Deshaun Watson wants out of Houston: That much is clear. ESPN’s Adam Shefter reported as much last month, and despite the Texans’ apparent plans to keep Watson anyway, he appears steadfast in his demand to be traded or released. This comes just four months after Watson signed a 4-year contract extension worth up to $156 million, and weeks after Watson wrapped up the best statistical year of his career, putting up career highs in passing yards, touchdowns and completion percentage. The Texans went 4-12, however, and Watson was reportedly unhappy with the hiring process for the team’s new head coach Nick Caserio, and the fact that his suggestions to fill the team’s general manager vacancy were ignored. Now, both parties are at an impasse, as a new era of increased player movement is underway in the NFL, and with situations like Watson’s, an era of player empowerment rivaling that of the NBA may be underway as well.
In a sport with guaranteed contracts like the NBA, players will always wield a certain amount of power over organizations, because (generally speaking) the lone requirement for the player to earn their money is showing up. The NFL has been able to circumvent this for years with their non-guaranteed deals, where even the most talented and powerful players were only able to guarantee portions of the contracts, often signing bonuses that could be prorated and spread out across multiple seasons in order to lessen the damage to the salary cap should things go awry.
That’s where Watson stands, as his new extension isn’t even set to start until after the forthcoming 2021 season, and he’s only due $15.94 million next year. Of that money, $5.4 million is a portion of a signing bonus due to him by the Texans, so if a team does acquire Watson they’d only be on the hook for $10.54 million this season, a pittance for a 25-year-old franchise quarterback coming off a career year despite less than ideal circumstances. All of this makes Watson the most tradeable asset in football right now. That’s quite the chip for a franchise with no first or second round picks, sending the No. 3 and No. 36 overall picks to the Miami Dolphins in a trade for left tackle Laremy Tunsil in 2019.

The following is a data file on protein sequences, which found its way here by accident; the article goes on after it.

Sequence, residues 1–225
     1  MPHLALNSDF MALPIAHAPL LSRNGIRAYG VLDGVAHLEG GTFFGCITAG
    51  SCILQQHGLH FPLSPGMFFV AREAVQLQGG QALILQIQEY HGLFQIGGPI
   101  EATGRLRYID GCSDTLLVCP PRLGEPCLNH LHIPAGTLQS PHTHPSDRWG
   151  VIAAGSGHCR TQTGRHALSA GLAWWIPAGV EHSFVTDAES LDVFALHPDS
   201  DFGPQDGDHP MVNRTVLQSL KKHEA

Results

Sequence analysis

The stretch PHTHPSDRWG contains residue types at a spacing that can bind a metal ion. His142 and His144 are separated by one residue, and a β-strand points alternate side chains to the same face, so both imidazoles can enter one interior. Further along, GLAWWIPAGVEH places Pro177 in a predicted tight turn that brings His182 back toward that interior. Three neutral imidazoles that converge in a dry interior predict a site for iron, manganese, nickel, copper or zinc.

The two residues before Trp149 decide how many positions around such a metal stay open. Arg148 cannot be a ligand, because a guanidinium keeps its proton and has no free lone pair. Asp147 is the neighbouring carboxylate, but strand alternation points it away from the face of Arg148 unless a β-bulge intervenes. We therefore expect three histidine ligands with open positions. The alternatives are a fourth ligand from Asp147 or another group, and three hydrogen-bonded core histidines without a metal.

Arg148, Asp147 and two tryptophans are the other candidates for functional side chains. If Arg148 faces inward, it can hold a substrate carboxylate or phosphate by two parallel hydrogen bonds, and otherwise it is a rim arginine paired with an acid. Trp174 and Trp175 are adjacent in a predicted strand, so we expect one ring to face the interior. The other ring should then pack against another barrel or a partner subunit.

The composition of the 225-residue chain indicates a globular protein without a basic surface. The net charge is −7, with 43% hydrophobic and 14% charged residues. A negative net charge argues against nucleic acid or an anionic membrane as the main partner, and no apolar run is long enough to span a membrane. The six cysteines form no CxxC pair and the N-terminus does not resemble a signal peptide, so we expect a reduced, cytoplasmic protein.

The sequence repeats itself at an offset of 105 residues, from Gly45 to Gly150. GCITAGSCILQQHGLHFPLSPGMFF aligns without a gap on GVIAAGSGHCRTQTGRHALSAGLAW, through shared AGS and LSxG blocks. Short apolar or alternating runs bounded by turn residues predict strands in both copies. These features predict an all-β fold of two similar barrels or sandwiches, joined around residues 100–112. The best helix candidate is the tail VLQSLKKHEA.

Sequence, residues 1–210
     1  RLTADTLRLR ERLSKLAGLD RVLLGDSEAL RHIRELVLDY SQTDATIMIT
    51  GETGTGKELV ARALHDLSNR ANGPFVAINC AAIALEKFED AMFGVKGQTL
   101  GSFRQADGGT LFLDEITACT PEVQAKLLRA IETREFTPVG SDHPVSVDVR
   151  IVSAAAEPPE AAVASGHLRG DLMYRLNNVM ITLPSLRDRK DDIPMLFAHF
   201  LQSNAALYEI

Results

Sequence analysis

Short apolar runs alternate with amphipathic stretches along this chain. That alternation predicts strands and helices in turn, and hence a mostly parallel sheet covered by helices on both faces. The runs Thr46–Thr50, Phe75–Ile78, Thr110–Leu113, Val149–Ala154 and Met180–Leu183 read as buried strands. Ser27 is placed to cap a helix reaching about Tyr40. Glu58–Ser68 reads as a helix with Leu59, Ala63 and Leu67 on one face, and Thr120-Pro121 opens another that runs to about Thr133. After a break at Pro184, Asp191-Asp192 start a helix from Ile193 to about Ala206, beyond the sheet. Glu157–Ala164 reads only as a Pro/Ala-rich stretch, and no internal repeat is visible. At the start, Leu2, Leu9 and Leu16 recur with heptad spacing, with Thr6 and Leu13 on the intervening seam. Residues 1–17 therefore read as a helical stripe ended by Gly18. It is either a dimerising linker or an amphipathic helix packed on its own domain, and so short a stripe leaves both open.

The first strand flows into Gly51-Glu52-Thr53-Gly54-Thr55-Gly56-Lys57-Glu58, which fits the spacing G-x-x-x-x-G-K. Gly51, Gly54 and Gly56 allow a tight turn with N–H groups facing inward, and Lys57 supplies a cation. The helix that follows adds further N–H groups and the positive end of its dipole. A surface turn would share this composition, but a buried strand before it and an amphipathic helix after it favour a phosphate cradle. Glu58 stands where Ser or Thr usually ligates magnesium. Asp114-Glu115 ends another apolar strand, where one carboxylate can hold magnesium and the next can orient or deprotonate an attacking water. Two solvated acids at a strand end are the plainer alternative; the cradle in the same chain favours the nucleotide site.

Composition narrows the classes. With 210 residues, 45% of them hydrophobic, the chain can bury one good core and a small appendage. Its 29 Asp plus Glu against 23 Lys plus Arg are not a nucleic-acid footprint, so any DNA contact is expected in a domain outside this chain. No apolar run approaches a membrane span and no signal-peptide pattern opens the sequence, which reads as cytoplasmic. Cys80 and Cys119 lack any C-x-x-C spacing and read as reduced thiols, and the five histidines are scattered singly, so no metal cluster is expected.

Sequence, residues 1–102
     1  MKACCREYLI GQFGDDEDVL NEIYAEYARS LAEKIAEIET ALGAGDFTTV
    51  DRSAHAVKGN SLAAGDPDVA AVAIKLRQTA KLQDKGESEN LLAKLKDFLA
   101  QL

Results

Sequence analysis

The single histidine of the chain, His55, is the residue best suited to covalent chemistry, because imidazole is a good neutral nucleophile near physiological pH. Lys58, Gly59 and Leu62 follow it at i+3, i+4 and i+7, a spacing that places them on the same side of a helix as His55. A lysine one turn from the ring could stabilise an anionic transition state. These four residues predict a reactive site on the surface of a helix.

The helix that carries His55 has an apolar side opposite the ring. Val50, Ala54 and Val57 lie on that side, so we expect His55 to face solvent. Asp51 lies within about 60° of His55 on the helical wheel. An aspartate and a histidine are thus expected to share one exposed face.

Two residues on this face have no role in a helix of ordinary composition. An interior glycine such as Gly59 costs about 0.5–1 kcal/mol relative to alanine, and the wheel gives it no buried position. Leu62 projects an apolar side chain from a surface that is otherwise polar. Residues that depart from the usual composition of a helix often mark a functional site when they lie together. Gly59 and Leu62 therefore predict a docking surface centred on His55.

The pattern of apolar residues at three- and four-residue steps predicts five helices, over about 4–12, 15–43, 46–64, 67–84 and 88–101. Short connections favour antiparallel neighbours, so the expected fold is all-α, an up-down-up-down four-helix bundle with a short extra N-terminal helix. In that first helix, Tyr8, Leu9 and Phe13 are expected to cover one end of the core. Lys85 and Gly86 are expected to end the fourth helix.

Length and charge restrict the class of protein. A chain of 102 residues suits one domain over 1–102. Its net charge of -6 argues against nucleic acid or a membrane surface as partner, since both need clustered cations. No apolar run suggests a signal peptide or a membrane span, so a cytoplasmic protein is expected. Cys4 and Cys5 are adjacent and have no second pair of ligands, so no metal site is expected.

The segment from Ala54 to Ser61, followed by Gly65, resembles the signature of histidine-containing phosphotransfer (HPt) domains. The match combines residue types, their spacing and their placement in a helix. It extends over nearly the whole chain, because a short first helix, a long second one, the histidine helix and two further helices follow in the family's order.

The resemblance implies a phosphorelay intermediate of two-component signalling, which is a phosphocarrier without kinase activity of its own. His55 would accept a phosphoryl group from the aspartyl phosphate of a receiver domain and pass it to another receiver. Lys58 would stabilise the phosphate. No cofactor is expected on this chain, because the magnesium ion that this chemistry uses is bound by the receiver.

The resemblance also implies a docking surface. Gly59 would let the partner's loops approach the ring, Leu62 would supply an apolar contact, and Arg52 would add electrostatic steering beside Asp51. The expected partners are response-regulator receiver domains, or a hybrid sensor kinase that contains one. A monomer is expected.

For the Texans, with JJ Watt officially released last week, ending his 10-year tenure with the franchise, Watson is the lone face of their franchise going forward.,. But the path towards improvement appears murky at best and they’re currently $16 million over the cap, meaning they need to shed their roster rather than add to it. And going forward, when Watson’s salary jumps from less than $16 million this coming season to a fully guaranteed $35 million in 2022, the salary cap situation will get even tighter. So, as odd as it sounds, it behooves the Texans to swallow their pride and give in to Watson’s trade demand, open up shop and see if there’s a monster deal out there to be had.
In trading Watson, the Texans will essentially set the market for franchise quarterbacks entering their prime. Matt Stafford was the most prolific Detroit Lions quarterback in franchise history, and even at 33 years old, he was able to net the team two first round picks, a third round pick and a starter-level quarterback when he was traded to the Los Angeles Rams two weeks ago. In acquiring Watson, a team will get a younger, more marketable superstar under team control until 2025, whereas Stafford is only under contract for the Rams until the end of the 2022 season. Watson is the most valuable commodity in football right now, and any deal to acquire him will likely make the haul for Stafford seem like chump change.
So, armed with a no-trade clause and suitors across the league, Watson seems in prime position to get his wish. It makes sense, as painful as it would be, for the Texans to build their future off the cachet of assets they’d acquire in a Watson trade, even though that likely means they’d be off to search for another franchise quarterback, the rarest commodity in sports.
For the NFL, it seems the league itself has entered a new era, rivaling the player movement and empowerment seen in the NBA. There, James Harden was able to politely leverage his power as a superstar to be shipped out of town despite three more seasons under contract. The Rockets received up to seven years of draft capital, forced to scramble to find the best deal they could for their disgruntled star. As more stars grow more frustrated in each league, the Houston duo won’t be the last to leverage all-time talent into a more appealing situation. If nothing else, Watson and Harden are showing their peers what is possible.